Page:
DAMATURU/MAIDUGURI, Nigeria (Reuters) - Islamist insurgents attacked two northern Nigerian state capitals on Monday, hitting a police post and setting off explosions in a market that killed at least five people, witnesses said.
Yobe, Borno and Adamawa states in Nigeria's northeast have been the main targets of Boko Haram militants fighting for five years to carve a radical Islamist state out of Africa's top oil-producing and most populous country.
The insurgents raided the Yobe state capital Damaturu at dawn, setting fire to a mobile police station and shooting at an air force jet that was circling their forces and dropping bombs, according to witnesses.
Yobe state police commissioner Marcus Danladi said the militants had caused "serious damage to security formations in the city, including the mobile police base".
By late afternoon, Nigeria's state governor said the military had been able to repel the militants from Damaturu using ground and air forces.
Around noon in the Borno state capital Maiduguri, two blasts tore through a crowded marketplace. A hospital source said five bodies had been brought in along with 43 wounded.
A Yobe State University student said that the main administrative building of the campus had been bombed by militants riding on motorcyles and a pick-up truck.
Residents of Damaturu fled or hid as the attackers charged into the city firing their guns and shouting "Allahu Akbar" (God is greatest), people at the scene told Reuters.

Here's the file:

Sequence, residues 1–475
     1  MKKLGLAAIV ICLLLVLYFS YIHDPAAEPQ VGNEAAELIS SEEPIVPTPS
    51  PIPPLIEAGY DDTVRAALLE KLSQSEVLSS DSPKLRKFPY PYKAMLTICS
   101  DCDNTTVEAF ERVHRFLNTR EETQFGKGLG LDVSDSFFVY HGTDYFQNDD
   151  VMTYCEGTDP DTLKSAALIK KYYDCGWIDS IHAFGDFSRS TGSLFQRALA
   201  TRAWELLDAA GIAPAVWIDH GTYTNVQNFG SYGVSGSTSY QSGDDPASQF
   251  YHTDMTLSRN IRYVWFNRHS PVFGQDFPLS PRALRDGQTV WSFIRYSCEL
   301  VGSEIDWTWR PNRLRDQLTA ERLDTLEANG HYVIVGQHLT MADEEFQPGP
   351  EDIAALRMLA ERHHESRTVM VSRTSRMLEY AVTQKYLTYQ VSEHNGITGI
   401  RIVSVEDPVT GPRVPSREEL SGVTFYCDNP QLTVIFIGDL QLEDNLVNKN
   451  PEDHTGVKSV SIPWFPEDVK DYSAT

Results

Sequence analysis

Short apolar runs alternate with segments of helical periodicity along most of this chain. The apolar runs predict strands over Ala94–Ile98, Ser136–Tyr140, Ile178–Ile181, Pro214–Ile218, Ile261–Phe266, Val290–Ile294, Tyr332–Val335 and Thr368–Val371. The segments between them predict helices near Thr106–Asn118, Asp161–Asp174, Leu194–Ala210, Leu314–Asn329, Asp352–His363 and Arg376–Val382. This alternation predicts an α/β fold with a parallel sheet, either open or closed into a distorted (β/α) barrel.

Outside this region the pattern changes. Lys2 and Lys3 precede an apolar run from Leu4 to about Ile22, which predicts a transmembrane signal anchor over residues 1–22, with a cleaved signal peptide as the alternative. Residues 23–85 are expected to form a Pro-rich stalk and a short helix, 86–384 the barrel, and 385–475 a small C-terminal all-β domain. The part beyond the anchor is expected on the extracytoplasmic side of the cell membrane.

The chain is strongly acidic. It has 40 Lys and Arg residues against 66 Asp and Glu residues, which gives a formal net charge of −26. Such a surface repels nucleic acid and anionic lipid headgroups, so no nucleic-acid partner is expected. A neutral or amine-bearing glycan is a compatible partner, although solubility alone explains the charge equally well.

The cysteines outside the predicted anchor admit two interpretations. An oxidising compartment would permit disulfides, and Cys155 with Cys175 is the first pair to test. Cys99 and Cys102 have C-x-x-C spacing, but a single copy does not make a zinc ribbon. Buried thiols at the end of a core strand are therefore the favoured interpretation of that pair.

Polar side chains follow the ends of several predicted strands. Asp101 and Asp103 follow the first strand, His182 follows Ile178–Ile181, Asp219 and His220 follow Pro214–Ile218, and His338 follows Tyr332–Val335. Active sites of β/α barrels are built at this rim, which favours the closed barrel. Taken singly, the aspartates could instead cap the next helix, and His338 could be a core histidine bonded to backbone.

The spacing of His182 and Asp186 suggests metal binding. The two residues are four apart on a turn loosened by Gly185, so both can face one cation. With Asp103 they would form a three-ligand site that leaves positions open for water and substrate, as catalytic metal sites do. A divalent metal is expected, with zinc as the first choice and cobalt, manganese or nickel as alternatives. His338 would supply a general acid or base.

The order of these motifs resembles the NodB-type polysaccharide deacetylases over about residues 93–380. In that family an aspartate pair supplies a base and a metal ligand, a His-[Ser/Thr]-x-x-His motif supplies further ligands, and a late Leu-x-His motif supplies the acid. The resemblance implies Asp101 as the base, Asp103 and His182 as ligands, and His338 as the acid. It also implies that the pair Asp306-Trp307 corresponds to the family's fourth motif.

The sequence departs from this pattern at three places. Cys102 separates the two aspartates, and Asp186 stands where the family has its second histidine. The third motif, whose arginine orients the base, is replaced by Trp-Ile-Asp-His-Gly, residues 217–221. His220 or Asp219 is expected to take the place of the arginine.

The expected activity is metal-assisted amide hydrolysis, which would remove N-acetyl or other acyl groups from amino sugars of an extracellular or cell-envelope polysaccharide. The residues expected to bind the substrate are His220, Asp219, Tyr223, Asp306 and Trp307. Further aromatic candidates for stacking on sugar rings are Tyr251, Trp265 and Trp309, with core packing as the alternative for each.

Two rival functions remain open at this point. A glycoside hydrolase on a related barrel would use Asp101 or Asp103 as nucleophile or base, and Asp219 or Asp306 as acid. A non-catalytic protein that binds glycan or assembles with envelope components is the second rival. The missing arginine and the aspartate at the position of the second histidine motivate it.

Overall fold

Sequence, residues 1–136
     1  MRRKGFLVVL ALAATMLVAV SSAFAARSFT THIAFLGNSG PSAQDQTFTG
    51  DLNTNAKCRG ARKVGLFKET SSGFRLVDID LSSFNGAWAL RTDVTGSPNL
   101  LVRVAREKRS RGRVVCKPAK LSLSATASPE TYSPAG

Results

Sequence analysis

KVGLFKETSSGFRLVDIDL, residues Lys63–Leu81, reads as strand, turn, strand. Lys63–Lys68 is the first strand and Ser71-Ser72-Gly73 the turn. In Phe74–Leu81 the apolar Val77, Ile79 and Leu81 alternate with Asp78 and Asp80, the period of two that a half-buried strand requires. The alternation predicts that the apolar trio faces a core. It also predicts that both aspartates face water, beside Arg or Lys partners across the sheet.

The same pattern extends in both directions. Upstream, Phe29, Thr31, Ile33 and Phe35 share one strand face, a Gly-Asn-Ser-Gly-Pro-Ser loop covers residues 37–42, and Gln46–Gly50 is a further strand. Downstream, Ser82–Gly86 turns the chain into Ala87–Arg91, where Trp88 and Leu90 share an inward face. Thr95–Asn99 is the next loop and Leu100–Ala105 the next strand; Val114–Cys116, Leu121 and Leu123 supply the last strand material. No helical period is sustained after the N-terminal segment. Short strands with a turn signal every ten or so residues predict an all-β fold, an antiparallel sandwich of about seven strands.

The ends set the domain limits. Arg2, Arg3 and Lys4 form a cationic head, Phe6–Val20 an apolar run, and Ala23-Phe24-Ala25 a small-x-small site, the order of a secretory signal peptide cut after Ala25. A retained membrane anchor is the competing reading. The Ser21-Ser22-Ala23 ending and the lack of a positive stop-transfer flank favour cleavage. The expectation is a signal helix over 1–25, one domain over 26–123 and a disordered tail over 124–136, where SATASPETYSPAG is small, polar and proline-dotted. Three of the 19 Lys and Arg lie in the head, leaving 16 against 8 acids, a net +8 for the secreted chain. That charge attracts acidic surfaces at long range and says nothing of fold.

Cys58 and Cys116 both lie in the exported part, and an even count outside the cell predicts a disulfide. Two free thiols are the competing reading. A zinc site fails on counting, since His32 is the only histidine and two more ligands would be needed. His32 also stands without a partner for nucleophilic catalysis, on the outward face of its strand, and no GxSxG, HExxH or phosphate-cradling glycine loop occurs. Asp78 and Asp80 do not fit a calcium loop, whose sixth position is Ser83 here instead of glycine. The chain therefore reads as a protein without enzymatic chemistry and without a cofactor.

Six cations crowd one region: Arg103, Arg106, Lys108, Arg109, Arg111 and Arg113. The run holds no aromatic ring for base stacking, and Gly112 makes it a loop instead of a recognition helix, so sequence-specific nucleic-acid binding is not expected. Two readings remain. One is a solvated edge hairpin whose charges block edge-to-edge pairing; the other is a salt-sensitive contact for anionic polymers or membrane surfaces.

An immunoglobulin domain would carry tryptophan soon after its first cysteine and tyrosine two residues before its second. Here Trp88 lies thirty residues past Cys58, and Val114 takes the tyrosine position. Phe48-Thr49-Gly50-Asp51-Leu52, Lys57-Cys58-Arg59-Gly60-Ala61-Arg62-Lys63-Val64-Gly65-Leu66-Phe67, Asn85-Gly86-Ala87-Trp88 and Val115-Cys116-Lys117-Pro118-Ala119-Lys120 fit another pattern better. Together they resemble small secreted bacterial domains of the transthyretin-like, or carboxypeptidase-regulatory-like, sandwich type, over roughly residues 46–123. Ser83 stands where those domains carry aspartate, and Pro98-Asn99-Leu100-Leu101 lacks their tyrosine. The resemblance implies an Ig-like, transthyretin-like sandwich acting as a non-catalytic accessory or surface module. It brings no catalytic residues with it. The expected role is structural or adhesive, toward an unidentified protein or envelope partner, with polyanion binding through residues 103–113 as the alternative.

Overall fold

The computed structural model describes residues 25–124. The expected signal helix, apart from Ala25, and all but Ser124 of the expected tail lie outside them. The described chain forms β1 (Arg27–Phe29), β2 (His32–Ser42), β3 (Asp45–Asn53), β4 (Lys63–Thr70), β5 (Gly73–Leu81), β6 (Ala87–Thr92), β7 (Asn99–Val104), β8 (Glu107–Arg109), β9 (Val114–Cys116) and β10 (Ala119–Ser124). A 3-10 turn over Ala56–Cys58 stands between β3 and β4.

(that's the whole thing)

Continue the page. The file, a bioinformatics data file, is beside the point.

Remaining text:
"I saw a military jet circling three times. People have abandoned their vehicles on the road and gone home," Damaturu resident Mustapha Usman said during the morning.
Another resident, hiding behind a gate, said he saw the insurgents driving down a road in police vehicles and an armored vehicle trying to shoot down the plane.
"They mounted anti-aircraft guns and they are trying to shoot the aircraft that was bombarding the town. They were all turning their heads shooting," he said.
The gunmen launched their attack from the nearby town of Buni Yadi, a Boko Haram stronghold, residents said. No one was available for comment at military headquarters in Abuja.
Boko Haram, which has killed thousands and kidnapped hundreds, was blamed for a coordinated bomb and gun attack on the central mosque in Nigeria's second biggest city, Kano, on Friday. Last week, two female suicide bombers hit Maiduguri's main market, killing at least 44 people.
President Goodluck Jonathan has asked the national assembly to extend the state of emergency in Borno, Yobe and Adamawa that expired on Nov. 20, but no decision has yet been reached.
Additional reporting by Isaac Abrak; Writing by Julia Payne; Editing by Mark Heinrich